While Dallas’ ritzy suburbs boast many magnet schools regarded among the country’s best public high schools, offering world-class instructors and facilities, while the inner city district is stuck in a different reality and reflects what is becoming an epidemic throughout the country’s urban communities: a striking majority of children live in dire circumstances. 86 percent of students in the Dallas Independent School District (DISD), are eligible for free and reduced-price meal plans, while the state considers 66 percent of the district’s kids to be at risk of dropping out, according to the New York Times. Furthermore, Marcus Hiles claims that a report submitted during a recent City Hall Council Meeting proving that 38 percent of children in the downtown area are either homeless or live in a household that earns a gross income under the poverty line, even though more than 27,000 of the adults in these families work full-time jobs.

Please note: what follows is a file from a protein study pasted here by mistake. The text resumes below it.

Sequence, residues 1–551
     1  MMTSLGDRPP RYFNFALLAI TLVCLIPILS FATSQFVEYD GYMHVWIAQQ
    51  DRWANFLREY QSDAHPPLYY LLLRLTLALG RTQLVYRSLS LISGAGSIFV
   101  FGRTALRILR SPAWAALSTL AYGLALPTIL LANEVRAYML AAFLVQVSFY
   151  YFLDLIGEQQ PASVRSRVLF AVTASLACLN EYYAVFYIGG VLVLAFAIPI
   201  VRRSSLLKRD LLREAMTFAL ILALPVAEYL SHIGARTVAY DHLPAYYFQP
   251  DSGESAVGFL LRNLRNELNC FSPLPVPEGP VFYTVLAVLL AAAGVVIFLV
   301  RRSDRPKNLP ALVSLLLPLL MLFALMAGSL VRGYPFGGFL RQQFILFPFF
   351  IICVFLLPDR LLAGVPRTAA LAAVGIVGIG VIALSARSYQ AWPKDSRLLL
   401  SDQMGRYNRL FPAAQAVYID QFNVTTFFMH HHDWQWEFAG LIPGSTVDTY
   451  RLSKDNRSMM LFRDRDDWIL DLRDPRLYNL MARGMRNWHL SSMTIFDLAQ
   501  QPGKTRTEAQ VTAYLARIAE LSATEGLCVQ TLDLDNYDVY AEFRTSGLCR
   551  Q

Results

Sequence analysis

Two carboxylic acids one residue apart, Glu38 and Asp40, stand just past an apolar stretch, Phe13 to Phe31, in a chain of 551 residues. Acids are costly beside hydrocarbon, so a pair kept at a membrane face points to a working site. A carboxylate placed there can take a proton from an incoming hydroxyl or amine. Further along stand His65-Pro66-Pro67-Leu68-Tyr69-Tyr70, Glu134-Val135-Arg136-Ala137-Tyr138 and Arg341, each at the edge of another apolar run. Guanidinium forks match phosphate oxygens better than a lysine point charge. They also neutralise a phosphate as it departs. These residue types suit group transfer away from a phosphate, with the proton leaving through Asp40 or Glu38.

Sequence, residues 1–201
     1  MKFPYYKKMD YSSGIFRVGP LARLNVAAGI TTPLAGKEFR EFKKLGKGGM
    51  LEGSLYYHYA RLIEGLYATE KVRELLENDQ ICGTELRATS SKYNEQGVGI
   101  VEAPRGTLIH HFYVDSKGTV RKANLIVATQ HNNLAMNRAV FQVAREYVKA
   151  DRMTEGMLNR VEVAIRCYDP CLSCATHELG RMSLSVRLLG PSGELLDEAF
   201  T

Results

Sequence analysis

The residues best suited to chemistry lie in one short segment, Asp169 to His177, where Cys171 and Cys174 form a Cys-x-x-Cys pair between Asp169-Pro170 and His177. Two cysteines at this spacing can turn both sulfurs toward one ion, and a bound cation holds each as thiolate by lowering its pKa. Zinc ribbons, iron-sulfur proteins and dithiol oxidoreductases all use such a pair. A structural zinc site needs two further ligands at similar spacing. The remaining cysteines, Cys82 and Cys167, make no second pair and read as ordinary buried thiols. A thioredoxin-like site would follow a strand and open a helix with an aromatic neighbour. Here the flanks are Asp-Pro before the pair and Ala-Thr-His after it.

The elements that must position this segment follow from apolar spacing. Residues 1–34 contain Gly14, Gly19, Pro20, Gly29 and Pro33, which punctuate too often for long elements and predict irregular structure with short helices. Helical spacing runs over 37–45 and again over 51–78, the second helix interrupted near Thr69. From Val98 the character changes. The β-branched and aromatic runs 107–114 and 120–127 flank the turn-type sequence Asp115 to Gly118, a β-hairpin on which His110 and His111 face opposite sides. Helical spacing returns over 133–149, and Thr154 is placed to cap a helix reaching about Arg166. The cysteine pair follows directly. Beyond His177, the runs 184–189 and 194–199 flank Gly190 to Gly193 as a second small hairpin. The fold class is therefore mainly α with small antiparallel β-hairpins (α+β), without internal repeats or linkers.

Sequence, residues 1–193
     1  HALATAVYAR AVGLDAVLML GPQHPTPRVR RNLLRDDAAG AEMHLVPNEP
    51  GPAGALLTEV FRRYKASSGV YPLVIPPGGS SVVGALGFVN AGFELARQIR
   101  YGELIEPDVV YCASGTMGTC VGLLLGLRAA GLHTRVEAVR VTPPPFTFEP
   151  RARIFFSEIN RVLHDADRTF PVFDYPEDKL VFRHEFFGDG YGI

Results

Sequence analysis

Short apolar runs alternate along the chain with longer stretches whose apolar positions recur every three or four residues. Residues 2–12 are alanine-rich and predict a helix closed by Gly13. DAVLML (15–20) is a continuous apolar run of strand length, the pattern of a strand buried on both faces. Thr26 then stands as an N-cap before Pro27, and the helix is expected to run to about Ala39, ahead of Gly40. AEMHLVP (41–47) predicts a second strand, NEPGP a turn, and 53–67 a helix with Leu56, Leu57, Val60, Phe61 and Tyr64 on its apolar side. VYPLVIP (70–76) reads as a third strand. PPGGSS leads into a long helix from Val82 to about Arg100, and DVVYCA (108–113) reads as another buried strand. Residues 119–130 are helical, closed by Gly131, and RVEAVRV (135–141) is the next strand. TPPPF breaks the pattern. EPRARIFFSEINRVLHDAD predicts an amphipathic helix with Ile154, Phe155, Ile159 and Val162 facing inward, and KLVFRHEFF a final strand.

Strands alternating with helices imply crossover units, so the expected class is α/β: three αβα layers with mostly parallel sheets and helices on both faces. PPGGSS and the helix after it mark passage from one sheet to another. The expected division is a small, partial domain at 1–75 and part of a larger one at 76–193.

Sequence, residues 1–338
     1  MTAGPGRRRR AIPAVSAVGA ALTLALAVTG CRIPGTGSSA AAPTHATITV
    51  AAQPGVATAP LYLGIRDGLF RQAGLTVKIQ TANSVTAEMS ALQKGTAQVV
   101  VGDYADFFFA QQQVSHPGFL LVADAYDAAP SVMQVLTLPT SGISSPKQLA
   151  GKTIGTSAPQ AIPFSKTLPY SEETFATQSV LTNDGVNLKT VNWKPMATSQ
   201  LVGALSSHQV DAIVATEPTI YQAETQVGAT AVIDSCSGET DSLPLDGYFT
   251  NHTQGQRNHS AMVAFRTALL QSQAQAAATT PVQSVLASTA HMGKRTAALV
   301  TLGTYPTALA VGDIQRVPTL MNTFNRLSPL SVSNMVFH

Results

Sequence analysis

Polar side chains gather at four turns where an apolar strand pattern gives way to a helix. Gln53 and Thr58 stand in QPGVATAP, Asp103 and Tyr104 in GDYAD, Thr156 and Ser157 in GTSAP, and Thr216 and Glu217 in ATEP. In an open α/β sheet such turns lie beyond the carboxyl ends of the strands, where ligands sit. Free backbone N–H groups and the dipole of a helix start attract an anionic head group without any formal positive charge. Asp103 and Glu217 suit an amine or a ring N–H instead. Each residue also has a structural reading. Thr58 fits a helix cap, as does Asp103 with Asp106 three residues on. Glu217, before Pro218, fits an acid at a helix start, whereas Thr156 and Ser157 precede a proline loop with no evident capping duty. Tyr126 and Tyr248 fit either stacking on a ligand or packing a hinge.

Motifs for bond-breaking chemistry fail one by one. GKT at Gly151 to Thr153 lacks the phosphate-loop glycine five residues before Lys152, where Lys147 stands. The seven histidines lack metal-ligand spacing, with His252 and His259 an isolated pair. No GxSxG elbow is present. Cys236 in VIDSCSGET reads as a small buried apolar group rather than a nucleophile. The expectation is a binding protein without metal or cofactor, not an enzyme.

Marcus Hiles takes pride in protecting the native foliage in the design stage of his developments. “Creating communities that work in harmony with nature and lessen humanity’s carbon footprint is a responsibility I embrace,” Hiles points out. His commitment is evident; extensive walking/jogging paths and private, on-site parks define exclusive locations nestled alongside expanses of countryside, undisturbed ponds and pristine streams. At the Estates Woodland in Magnolia, the century-old oaks and pines of the W.G. Jones State Forest border the property, providing access to the park’s leafy trails and scenic lakes. In San Antonio, the Mansions at Briggs Ranch boast the rich, indigenous flora of the Hill Country, most notably historic mountain laurels, which are beneficial for removing excess carbon dioxide. Trees stand as a prominent component in Hiles’s ecological objectives: through his company’s ongoing program to increase the canopy of shade trees throughout the state, 2,500 trees are installed annually. Hiles noes the 30,000 that have been planted in the last ten years serve to improve the air quality throughout the Lone Star state by sequestering about 75 tons of carbon dioxide every year, a strategy which promotes a sustainable relationship between endemic scenery preservation and the upscale living Hiles’s developments are known to offer.